2021 will be a “difficult year” despite the rollout of mass vaccination programs, a top World Health Organization (WHO) official said Sunday.
Maria Van Kerkhove, the WHO’s technical lead for the coronavirus pandemic, told CNN: “I think it’s going to be a difficult year ahead and we’re going to have to have patience and stay the course.”
Kerkhove said people mixing and ignoring public health guidance in many countries over the holiday period could produce a rise in cases in the early part of 2021.
“We’re in for a bit of a rough start to 2021,” Van Kerkhove said. The “movement and the behavior of people” over Christmas and New Year’s is “going to make the first three months of 2021 quite difficult in terms of increased transmission, hospitalizations and deaths.”
The WHO official’s comments come as U.S. airports recorded their busiest day of the pandemic over the weekend, The New York Times reported. Data from the Transportation Security Administration (TSA) shows that 1,192,881 passengers passed though security checkpoints on Saturday.
While this figure is almost half what was recorded on the same date a year ago—before COVID-19 had taken hold in the United States—it is still the highest since the pandemic began.
The TSA has recorded more than 16.3 million crossings through its checkpoints since December 18, which is significantly lower than the figure of more than 35.4 million recorded during the same period a year ago.
Public health officials urged people not to travel over the Christmas period with the United States in the midst of a third major wave of COVID-19 infections. But experts say that any noticeable post-holiday spike in infections may not appear until mid-January due to the lag between people becoming infected and showing symptoms.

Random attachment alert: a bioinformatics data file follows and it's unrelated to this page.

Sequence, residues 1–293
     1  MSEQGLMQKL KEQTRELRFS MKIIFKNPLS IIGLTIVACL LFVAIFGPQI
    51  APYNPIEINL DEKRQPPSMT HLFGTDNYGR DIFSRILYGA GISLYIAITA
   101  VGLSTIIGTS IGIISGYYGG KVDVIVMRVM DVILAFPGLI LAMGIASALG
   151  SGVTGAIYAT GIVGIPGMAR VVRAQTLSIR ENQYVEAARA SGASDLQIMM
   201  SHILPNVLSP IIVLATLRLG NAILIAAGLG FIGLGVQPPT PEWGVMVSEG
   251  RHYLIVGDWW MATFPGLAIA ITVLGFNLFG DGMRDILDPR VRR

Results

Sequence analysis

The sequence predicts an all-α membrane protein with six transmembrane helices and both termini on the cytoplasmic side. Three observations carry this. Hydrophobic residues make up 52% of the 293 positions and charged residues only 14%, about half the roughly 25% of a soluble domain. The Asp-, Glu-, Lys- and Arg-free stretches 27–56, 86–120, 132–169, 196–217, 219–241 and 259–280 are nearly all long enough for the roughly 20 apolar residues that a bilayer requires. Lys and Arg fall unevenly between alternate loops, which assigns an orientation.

Dr. Anthony Fauci, the U.S. government’s top infectious disease expert, told NBC News: “Things are bad enough as they are right now but they could get worse in the next couple of weeks.”
On January 3, the U.S. reported more than 201,000 new coronavirus cases and over 1,350 deaths, according to The New York Times COVID-19 tracker. Meanwhile, more than 125,000 people were hospitalized with the disease across the country.
Van Kerkhove said that the rollout of mass vaccinations would not immediately put an end to the pandemic in many countries.
“I think it’s going to be frustrating and slow to roll out—slower than anyone would like,” she said. “The first six months of the year are going to be painful for people because they just want it to be done and we really need people to have the patience to get through it.”
According to the WHO expert, the public will still need to practice social distancing and wear masks well into 2021, although some countries could return to something resembling normality by the summer or fall.